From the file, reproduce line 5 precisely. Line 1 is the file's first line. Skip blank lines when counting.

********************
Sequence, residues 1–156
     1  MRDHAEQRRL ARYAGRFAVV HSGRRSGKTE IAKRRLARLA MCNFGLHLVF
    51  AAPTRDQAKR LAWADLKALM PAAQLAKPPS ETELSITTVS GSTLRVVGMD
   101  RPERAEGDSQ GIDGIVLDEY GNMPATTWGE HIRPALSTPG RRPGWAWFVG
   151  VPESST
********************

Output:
   151  VPESST